As the embryo of a seed typically contains many cells, it should in theory be possible to obtain DNA from a seed without disrupting it (there may be pragmatic issues with protocol, depending on the particulars of the seed). If you have the DNA and each seed has been produced by a separate fertilization event, then each seeds DNA would be unique and it should ...


1

Two highly unlikely, yet possible ways this could happen: One extremely unlikely possibility is that grandmother was born O. Grandmother's current A typing could be the result of interplacental stem cell transfer from bearing an A child and the mother is an XX clone of the grandmother. How similar in appearance are grandmother and mother? A less rare yet ...


2

Summary The systematic chemical names of many important biological molecules are too long to write routinely in full, and in any case were preceded historically by abbreviated forms which generally stressed the distinguishing features of importance to those studying their metabolism. Thus, as the poster points out, a molecule such as dATP (image below) has a ...


-1

Given that your grandmother is type A and your grandfather is AB, there is very small, minute chances that your mother is in fact the biological child of one or both of them. For your grandmother to say that she is 100% your grandfather's child, maybe he had her with someone other than your grandmother, and due to unfortunate events, that woman died giving ...


14

The ABO blood type is controlled by a single gene (the ABO gene) with three types of alleles inferred from classical genetics: i, IA, and IB. The IA allele gives type A, IB gives type B, and i gives type O. As both IA and IB are dominant over i, only ii people have type O blood. [1] So from this standpoint, normal Mendelian genetics cannot explain the blood-...


8

I don't have hard data to share regarding you question, but I can provide some anecdotal evidence. I have used golden gate assembly to build hundreds of plasmids using ~20bp annealed oligos, as well as hundreds of plasmids using ~70bp promoter+RBS, 720 bp eGFP, and ~70 bp terminators encoded on plasmids into a ~6kb backbone. In these cases I use 40 fmol ...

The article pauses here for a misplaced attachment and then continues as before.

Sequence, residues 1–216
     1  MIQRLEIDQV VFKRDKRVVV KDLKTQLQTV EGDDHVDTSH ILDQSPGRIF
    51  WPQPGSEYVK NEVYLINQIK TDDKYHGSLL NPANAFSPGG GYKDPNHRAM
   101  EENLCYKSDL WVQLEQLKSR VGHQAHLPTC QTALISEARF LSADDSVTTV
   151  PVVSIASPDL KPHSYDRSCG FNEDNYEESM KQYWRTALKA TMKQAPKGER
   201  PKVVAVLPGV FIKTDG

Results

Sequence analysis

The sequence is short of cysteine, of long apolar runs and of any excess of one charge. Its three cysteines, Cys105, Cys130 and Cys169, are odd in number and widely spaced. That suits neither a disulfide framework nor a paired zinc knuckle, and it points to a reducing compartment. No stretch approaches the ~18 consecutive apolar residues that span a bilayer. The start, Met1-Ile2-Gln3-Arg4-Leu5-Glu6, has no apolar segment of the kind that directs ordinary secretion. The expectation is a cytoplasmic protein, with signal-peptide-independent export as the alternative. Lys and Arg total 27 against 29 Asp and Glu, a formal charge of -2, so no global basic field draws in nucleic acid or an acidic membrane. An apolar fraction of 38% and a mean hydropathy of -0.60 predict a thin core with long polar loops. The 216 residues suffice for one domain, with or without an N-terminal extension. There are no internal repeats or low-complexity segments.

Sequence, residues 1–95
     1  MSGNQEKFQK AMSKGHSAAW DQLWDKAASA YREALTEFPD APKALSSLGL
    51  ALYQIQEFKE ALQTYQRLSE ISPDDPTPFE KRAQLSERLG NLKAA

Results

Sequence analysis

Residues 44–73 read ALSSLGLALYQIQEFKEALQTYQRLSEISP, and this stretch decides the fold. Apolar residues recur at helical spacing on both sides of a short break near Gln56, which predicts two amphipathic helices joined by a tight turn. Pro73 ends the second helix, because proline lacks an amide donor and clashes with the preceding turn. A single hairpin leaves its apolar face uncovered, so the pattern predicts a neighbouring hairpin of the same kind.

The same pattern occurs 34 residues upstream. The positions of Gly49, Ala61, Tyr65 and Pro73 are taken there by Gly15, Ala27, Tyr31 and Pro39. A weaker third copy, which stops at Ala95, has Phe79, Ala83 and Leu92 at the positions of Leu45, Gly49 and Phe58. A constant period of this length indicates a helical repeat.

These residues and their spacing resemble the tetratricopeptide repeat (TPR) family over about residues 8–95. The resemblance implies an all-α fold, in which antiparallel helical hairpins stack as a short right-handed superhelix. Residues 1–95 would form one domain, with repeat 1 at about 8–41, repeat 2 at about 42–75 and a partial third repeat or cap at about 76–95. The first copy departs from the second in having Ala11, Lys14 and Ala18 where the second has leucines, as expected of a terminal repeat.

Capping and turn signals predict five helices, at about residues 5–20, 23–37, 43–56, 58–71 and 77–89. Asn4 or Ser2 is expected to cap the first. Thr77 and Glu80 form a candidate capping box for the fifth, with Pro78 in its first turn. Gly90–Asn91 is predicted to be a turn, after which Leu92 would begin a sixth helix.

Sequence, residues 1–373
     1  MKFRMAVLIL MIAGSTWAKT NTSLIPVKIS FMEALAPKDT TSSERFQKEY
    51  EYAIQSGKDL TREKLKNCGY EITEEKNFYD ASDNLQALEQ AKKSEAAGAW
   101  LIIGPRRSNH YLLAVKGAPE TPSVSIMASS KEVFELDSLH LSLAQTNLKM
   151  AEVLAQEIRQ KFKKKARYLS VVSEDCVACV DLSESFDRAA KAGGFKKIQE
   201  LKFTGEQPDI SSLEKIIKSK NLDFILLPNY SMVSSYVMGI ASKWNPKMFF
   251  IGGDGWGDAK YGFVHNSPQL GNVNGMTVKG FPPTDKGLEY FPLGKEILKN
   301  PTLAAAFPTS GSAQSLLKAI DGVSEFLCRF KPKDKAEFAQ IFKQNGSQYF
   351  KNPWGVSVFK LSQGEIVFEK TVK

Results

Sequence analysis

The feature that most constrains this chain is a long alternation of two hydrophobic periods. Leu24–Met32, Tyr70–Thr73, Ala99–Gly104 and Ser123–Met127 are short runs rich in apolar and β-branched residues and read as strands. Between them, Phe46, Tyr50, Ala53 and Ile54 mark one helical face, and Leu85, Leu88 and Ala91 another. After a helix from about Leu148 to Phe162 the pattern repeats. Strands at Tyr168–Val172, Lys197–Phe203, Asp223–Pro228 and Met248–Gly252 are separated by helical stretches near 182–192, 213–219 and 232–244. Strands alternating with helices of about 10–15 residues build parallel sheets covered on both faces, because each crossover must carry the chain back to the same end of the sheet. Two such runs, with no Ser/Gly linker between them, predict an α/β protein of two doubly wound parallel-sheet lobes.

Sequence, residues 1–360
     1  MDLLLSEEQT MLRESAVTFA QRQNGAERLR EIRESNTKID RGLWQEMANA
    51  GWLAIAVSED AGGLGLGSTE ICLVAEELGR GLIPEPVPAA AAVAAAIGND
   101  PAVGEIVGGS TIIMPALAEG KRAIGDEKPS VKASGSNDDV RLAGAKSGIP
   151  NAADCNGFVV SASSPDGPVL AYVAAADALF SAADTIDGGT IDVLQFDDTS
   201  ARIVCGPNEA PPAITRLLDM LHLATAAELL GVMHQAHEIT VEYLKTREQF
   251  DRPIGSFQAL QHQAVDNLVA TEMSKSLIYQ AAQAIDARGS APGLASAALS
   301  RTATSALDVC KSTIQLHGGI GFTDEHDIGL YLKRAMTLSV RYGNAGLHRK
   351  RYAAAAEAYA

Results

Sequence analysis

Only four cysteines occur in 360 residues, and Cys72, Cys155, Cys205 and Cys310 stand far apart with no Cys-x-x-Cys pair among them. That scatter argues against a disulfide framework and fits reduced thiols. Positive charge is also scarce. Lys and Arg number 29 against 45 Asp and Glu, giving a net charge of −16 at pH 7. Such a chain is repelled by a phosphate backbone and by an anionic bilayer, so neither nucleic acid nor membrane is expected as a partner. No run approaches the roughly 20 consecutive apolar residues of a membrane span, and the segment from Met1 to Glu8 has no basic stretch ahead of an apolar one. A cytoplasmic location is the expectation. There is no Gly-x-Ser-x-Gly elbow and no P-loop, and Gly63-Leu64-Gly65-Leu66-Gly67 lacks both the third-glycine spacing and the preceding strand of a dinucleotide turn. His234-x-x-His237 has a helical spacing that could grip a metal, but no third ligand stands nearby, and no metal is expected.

5

It may also be worth considering how you are amplifying and isolating your small part. Gel extraction kits sometimes have an optimum DNA size ranges that may prevent recovery. Or if your part is similar to your primer length you may see considerable contamination in your 'purified' product if say the size of a single RBS.


0

Yes, cryopreservation works quite well for many species, including multicellular animals. So you can freeze the ancestor and wait until the descendant is there, then unfreeze them. A good recent example in the news would be the Siberian worms that woke up after being frozen in permafrost for a very long time. Cryopreservation is routine in laboratories, to ...


1

In principle, you can reconstruct 1/2 the genome of each parent. Each of these halves is still a "complete" genome, in the sense that it (usually) contains 23 full chromosomes (there are 23 human chromosomes). Every person has two copies of their genome, one of which is inherited from each parent. I strongly recommend reading about meiosis to learn ...